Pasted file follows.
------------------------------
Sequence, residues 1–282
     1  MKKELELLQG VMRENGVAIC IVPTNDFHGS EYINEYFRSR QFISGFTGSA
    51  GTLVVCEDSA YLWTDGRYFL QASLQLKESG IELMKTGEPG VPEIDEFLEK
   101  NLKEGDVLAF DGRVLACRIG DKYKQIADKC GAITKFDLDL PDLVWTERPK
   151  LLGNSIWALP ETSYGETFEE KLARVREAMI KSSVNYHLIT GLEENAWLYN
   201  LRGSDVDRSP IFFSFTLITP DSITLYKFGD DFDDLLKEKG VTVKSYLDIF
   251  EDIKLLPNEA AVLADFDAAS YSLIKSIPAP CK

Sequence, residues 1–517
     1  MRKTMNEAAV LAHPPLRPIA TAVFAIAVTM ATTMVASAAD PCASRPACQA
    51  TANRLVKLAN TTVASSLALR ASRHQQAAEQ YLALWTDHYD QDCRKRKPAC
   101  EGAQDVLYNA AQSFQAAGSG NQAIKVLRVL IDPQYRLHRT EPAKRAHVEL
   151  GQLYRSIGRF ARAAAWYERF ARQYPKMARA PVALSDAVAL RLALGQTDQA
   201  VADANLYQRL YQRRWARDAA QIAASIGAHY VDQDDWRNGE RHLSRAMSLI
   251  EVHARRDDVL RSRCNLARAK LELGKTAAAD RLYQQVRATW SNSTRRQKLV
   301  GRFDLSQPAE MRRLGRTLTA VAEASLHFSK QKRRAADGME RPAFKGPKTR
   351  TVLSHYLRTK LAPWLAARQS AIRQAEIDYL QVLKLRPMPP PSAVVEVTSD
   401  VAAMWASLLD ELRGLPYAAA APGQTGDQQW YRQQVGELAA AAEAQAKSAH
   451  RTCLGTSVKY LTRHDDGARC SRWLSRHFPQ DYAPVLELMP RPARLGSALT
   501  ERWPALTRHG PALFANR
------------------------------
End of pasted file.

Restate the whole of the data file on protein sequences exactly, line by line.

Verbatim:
Sequence, residues 1–282
     1  MKKELELLQG VMRENGVAIC IVPTNDFHGS EYINEYFRSR QFISGFTGSA
    51  GTLVVCEDSA YLWTDGRYFL QASLQLKESG IELMKTGEPG VPEIDEFLEK
   101  NLKEGDVLAF DGRVLACRIG DKYKQIADKC GAITKFDLDL PDLVWTERPK
   151  LLGNSIWALP ETSYGETFEE KLARVREAMI KSSVNYHLIT GLEENAWLYN
   201  LRGSDVDRSP IFFSFTLITP DSITLYKFGD DFDDLLKEKG VTVKSYLDIF
   251  EDIKLLPNEA AVLADFDAAS YSLIKSIPAP CK

Sequence, residues 1–517
     1  MRKTMNEAAV LAHPPLRPIA TAVFAIAVTM ATTMVASAAD PCASRPACQA
    51  TANRLVKLAN TTVASSLALR ASRHQQAAEQ YLALWTDHYD QDCRKRKPAC
   101  EGAQDVLYNA AQSFQAAGSG NQAIKVLRVL IDPQYRLHRT EPAKRAHVEL
   151  GQLYRSIGRF ARAAAWYERF ARQYPKMARA PVALSDAVAL RLALGQTDQA
   201  VADANLYQRL YQRRWARDAA QIAASIGAHY VDQDDWRNGE RHLSRAMSLI
   251  EVHARRDDVL RSRCNLARAK LELGKTAAAD RLYQQVRATW SNSTRRQKLV
   301  GRFDLSQPAE MRRLGRTLTA VAEASLHFSK QKRRAADGME RPAFKGPKTR
   351  TVLSHYLRTK LAPWLAARQS AIRQAEIDYL QVLKLRPMPP PSAVVEVTSD
   401  VAAMWASLLD ELRGLPYAAA APGQTGDQQW YRQQVGELAA AAEAQAKSAH
   451  RTCLGTSVKY LTRHDDGARC SRWLSRHFPQ DYAPVLELMP RPARLGSALT
   501  ERWPALTRHG PALFANR